As the most proliferous element of a growing telecomputer system, the first thing the TV set-top box should not be is a camouflaged substitute for the consumer’s ideal PC. A smart TSB cannot even come close to meeting the demanding requirements of the ideal PC. This misguided role for the TSB would add the largest and most unnecessary economic burden on the NII. Compromises in smart TSB design, be they in the power of it’s processor or the amount of resident memory, will not lessen the economic burden. A waste of money is still a waste of money. Smart TSBs, as the primary focus for ITV applications, are destined to be failures in a mass media network and public utility environment. The Public Network will not benefit from an ITV architecture where a key network element is already obsolete when first deployed. Another reason the current and conventional TSB telecomputer model will fail is that it does not deliver a medium that lives up to the Public’s expectations for interactive television. ITV must be more than selecting a movie, pizza, catalog shopping, and access to so-called second level gateways to other information sources. “Interactivity” is much more than just “selectivity”. Interactive television, as a new mass medium, must deliver a completely new entertainment experience to consumers. Downloading adolescent arcade games or simple prompts for play-along TV game shows to the limited memory of smart TSB will just not cut it in the eyes of a mass market. Consumers are looking for and have been promised more. However, with the ideal PC, an embryonic form of the evolving interactive multimedia experience can be found on CD-ROM publications. Understandably, the inherent limitations of the TSB telecomputer model used in today’s so-called ITV trials has failed to attract any interest from the artists, programmers, and creators of this new interactive multimedia art form. For a mass medium where, as they say, “content is king”, this will not do. The focus of ITV program development must shift from the TSB to centralized ideal PCs within the Public Network. In this way, interactive programs developed for CD-ROM and the ideal PC are easily ported to the ITV platform as an additional distribution network and ancillary market for the mutual financial benefit of the parties involved. The TSB cannot be at the center of ITV, nor should ITV program development wait for or depend on it. The role for the TV set-top box is, as always, only as a mass media network broadcast receiver. Whether a network’s broadcast signals reach the consumer directly from a satellite, CATV headend, over-the-air, or a telco central office, the TSB’s role is still the same, It is a mass media network, primarily broadband, receiver. The Public Network does, however, need a next generation model of TSB that better recognizes a larger role for receivers in the evolving NII for the next several generation of Americans.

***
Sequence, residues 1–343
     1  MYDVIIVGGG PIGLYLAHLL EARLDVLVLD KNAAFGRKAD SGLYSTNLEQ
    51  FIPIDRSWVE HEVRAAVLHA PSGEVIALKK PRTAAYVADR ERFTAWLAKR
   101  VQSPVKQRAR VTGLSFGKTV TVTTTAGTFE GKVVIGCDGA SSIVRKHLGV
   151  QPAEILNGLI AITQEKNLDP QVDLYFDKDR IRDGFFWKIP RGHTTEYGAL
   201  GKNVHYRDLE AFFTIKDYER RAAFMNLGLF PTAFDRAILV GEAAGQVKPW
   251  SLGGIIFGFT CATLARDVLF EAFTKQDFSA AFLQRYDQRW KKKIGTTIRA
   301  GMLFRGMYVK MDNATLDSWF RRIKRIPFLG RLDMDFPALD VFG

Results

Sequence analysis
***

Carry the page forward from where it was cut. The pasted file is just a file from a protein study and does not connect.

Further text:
The most important NII element that this new TSB will offer the evolving Public Network is the potential for a common carrier form of video distribution. To realize this potential, the TSB and it’s associated broadband distribution networks must support addressability and approach virtual VOD capacity. (Ref. 1) For ITV, the TSB is just an addressable broadcast media receiver presenting NTSC output network channel interfaces to consumers. However, should a consumer choose to interact with the ITV programming offered, as previously described, the PSTN already offers back-channel or upstream input network channels on a common carrier basis. As a result, the TSB role has no transmission requirements in the evolving NII. It is still only a mass media broadcast receiver.